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Time-energy uncertainty relation

  1. Oct 3, 2006 #1


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    How should [itex]\Delta E \Delta t \geq \hbar/2[/itex] be interpreted? When does it apply? Delta t refers to the time of what? etc.

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  3. Oct 4, 2006 #2


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    For a given time independent observable A that doesn't commute with the Hamiltonian and a state |psi>, interpret [itex]\Delta E = \Delta H [/itex] (H is the hamiltonian and delta means standard deviation) and define:

    [tex]\Delta t := \frac{\Delta A}{|d\langle A \rangle/dt|}[/tex]

    So [tex]\Delta t[/tex] is the characteristic time it takes for the observable to change by one standard deviation.
    I think this is the best interpretation of the inequality. No mystic mojo is involved.

    Then by Heisenberg's inequality:

    [tex]\Delta H \Delta A \geq \frac{1}{2}|\langle [H,A] \rangle|[/tex]

    And using:
    [tex]\frac{d\langle A\rangle}{dt}=\frac{i}{\hbar}\langle [H,A]\rangle[/tex]

    you can rewrite it as [itex]\Delta E \Delta t \geq \frac{\hbar}{2}[/itex]
    Last edited: Oct 4, 2006
  4. Oct 4, 2006 #3
    It sets a lower limit to the products of the uncertainty in those two quantities, ie for heisenburgs uncertainty principle its displacement and velocity
  5. Oct 4, 2006 #4


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    See the explanation in Sakurai's book.

  6. Oct 8, 2006 #5
    To be precise there is no such thing as a time-energy uncertainty principle. Uncertainty principles are the relationship between two operators and while there is an energy operator there is no such thing as a time operator. Best to call it the time-energy uncertainty relation. The meaning of this relation is dt is the amount of time it takes for a system to evolve and dE represents the average change in the amount of energy during this time of evolution.

  7. Feb 26, 2011 #6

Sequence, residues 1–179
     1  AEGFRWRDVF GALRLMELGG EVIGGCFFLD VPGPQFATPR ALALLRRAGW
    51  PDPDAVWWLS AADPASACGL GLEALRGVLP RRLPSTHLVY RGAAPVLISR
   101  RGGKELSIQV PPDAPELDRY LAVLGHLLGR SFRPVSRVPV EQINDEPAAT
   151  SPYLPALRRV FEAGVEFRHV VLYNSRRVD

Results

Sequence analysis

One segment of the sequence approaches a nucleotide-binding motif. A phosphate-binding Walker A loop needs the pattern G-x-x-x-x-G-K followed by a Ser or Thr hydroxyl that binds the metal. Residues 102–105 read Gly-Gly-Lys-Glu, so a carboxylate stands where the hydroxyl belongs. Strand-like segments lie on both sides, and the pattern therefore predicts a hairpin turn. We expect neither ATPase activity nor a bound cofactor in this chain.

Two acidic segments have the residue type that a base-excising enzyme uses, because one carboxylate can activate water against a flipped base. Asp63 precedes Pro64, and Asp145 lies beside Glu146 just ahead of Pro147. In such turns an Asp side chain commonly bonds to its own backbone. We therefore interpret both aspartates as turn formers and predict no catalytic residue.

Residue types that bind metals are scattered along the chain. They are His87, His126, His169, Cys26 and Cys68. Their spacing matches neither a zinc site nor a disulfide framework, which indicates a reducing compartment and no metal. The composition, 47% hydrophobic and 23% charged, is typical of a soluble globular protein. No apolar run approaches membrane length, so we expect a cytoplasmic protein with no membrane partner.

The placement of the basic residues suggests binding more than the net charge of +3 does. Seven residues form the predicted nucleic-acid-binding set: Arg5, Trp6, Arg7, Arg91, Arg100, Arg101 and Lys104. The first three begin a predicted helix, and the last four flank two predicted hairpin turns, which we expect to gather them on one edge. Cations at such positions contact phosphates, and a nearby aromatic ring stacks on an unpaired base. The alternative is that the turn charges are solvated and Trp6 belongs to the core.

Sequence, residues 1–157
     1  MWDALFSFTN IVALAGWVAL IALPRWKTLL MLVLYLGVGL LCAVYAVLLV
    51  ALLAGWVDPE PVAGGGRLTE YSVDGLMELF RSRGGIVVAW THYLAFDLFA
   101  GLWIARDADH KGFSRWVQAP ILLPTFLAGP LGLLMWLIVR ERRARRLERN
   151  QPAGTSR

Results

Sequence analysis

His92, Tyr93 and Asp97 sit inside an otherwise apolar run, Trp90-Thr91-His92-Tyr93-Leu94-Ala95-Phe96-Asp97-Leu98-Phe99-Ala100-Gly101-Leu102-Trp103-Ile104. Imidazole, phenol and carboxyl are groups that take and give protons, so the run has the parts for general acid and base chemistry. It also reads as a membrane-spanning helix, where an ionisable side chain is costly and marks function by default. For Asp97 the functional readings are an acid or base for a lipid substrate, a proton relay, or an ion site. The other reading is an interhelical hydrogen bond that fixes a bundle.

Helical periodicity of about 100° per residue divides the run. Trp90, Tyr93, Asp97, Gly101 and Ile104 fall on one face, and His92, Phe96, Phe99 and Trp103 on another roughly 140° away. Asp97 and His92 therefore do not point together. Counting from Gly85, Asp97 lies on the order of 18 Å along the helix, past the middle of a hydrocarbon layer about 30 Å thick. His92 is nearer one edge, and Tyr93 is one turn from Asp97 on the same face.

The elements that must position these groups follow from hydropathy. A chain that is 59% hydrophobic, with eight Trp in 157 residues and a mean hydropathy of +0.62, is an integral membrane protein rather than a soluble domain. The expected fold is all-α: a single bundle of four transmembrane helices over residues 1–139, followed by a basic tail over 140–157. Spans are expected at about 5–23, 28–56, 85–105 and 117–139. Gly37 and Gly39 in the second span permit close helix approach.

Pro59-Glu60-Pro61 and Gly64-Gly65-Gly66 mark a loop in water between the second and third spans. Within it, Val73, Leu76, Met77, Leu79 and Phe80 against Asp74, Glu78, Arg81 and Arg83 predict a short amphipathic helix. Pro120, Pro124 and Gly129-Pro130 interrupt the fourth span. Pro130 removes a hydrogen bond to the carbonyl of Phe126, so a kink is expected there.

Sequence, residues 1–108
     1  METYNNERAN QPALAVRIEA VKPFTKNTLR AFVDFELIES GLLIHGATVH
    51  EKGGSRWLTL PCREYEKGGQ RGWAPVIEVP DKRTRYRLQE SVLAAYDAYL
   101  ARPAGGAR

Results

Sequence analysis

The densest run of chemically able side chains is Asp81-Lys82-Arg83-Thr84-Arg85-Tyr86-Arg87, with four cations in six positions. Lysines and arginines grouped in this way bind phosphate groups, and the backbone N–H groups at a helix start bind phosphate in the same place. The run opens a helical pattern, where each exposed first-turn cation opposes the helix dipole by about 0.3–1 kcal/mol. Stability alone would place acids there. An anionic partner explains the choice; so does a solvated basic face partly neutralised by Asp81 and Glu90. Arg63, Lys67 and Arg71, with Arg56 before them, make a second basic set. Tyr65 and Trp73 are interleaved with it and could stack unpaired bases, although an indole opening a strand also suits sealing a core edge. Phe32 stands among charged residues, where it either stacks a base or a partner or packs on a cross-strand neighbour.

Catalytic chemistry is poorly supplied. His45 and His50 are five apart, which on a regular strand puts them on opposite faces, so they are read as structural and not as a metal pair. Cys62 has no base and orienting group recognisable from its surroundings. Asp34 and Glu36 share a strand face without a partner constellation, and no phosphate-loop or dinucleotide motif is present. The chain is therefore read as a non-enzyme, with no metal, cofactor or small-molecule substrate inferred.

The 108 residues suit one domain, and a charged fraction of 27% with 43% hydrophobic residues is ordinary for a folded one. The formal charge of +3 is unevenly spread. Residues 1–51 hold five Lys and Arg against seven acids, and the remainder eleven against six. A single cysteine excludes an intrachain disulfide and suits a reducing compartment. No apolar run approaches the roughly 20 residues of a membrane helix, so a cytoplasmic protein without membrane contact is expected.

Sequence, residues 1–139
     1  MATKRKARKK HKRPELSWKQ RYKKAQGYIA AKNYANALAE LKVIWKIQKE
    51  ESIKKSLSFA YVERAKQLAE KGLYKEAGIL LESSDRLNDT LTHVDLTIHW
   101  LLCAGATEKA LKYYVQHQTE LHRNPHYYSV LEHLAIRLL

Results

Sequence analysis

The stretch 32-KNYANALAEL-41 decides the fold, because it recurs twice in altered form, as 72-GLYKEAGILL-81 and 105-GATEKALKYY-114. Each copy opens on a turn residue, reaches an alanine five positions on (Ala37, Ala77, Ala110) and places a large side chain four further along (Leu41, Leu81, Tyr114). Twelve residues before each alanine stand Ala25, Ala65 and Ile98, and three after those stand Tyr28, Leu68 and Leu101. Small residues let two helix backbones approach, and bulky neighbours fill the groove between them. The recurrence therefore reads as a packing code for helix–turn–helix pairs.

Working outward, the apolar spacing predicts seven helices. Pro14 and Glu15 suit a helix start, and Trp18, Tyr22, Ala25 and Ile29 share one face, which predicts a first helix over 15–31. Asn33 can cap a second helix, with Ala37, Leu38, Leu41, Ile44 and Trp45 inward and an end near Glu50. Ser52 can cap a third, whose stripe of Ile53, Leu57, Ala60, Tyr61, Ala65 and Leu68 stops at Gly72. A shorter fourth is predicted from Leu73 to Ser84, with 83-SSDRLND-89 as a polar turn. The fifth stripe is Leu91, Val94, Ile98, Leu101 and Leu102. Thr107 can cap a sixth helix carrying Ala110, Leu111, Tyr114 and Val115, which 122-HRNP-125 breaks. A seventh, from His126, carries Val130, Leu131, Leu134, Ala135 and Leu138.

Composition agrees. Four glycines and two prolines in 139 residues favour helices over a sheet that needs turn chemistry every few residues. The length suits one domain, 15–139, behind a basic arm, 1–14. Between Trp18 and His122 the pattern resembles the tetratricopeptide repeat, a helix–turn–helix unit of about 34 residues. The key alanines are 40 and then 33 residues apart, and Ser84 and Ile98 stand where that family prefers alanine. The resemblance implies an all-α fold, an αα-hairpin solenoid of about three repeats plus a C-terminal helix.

But, I heard somewhere that in one case dW dt>=hbar/2 is correct. What is this example? Maybe for photons?
    Last edited: Feb 26, 2011
  8. May 6, 2012 #7


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    I have two questions:

    1) what's the motivations for this expression?

    2) why is 1 standarad deviation chosen? Wouldn't the inequality change for any other choice?
  9. May 6, 2012 #8
    The time-energy uncertainty principle is a little bit different from the position-momentum one. This is perhaps best illustrated by Landau's quote, "To violate the time-energy uncertainty relation all I have to do is measure the energy very precisely and then look at my watch!"
  10. May 6, 2012 #9

    Ken G

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    I'd say the physical meaning behind the time-energy uncertainty relation has to do with the fact that a state of definite energy is characterized (physically) by having a definite frequency of change of its phase. To decide what that frequency is, you need to watch many cycles of time, and the more cycles you follow, the more precisely you know that frequency. But the more cycles you watch, the less you can say about the actual time at which you "looked", for you looked over a range of times. Conversely, if you look at "your watch" at a very specific time, then you cannot say what is the frequency at which the phase of the state is changing. Note that if you divide through by h, the expression becomes uncertainty in frequency times uncertainty in time exceeds 1 cycle.
  11. May 7, 2012 #10
    All I know about it is that you have to be carefull with the interpretation. It seems that there is not a single version of it and not even experts agree on it.
    There is however a simple version that can be derived clearly from first principles an is the one Galileo expleined, but that is not the only interpretation.
    Last edited: May 7, 2012
  12. May 7, 2012 #11


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    In this approach, Delta t is NOT UNCERTAINTY of time, but a time DURATION of a physical process. There is however a similar way to introduce UNCERTAINTY of time measured by a clock, as explained, e.g., in
    http://xxx.lanl.gov/abs/1203.1139 (v3)
    Eqs. (19)-(23)
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